Twice, Then Quit: How to Train for Resistance to Change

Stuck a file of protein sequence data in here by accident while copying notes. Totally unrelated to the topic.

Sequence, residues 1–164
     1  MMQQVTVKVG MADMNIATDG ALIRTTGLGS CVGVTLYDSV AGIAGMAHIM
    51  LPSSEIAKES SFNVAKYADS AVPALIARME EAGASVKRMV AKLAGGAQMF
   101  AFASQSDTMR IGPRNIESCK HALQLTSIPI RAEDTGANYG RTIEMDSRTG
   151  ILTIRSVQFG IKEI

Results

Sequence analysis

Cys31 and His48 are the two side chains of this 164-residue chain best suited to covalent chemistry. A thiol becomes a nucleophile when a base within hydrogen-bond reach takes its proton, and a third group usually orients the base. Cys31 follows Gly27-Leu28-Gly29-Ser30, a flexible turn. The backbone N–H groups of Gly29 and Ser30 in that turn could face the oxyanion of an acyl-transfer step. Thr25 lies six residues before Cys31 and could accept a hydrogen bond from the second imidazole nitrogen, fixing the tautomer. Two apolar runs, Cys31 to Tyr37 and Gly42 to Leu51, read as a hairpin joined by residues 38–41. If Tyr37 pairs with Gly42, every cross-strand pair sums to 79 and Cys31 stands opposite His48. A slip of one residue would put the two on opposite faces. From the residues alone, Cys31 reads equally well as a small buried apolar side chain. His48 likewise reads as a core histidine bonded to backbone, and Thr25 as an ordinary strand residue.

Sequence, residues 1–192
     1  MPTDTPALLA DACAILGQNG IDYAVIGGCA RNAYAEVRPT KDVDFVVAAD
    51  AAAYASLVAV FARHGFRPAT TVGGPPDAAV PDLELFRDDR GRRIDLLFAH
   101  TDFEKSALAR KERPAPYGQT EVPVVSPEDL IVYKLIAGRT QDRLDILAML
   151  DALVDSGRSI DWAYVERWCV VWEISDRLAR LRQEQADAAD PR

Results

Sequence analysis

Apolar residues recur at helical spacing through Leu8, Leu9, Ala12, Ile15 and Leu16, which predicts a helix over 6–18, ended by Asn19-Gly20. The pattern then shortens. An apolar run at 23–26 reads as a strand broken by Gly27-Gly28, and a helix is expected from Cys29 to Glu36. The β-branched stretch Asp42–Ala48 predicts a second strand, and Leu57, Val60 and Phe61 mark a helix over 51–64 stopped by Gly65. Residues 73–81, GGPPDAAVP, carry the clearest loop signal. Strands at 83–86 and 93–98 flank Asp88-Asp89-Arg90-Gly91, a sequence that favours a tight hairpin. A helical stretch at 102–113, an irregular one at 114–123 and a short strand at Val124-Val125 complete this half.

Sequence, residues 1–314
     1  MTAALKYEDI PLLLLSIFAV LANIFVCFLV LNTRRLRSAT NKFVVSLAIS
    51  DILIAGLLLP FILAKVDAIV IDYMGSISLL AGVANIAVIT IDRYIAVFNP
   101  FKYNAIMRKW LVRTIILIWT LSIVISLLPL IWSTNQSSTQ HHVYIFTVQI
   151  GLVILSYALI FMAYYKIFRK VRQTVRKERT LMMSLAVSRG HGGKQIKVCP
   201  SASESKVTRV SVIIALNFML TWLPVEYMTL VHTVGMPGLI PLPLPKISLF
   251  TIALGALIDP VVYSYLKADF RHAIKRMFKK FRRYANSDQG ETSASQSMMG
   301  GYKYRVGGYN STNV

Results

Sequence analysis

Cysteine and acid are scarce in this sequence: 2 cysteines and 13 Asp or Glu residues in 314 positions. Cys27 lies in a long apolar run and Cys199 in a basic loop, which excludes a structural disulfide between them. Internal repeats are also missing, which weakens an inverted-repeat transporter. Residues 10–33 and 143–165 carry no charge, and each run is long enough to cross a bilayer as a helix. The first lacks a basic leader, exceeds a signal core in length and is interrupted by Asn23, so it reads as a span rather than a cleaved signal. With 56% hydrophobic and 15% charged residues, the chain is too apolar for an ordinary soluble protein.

Here’s what you’re never told: You’re supposed to feel afraid. It’s ironic: In hindsight, overcoming that obstacle you resisted will often mean more to you than the reward you sought after at the beginning of your journey. The solution is not to overcome resistance, indefinitely, (that’s impossible), but to learn how to become comfortable with it, as and when it arises. In other words, to lean into it. To push yourself a little more than you’d normally do. And one of the most effective strategies I’ve learnt to do that, is the “Twice, Then Quit” strategy. Twice, Then Quit Leo Babauta, author of The Power of Less, describes Twice, Then Quit using meditation as an example: When you’re meditating and you feel like getting up, don’t; then when you feel the urge to get up a second time, don’t; and when you feel the urge to get up a third time, then get up. So you sit through the urge, the discomfort, twice before finally giving in the third time. This is a nice balance, so that you’re pushing your comfort zone a little. You can do this in exercise and many other activities — push a little.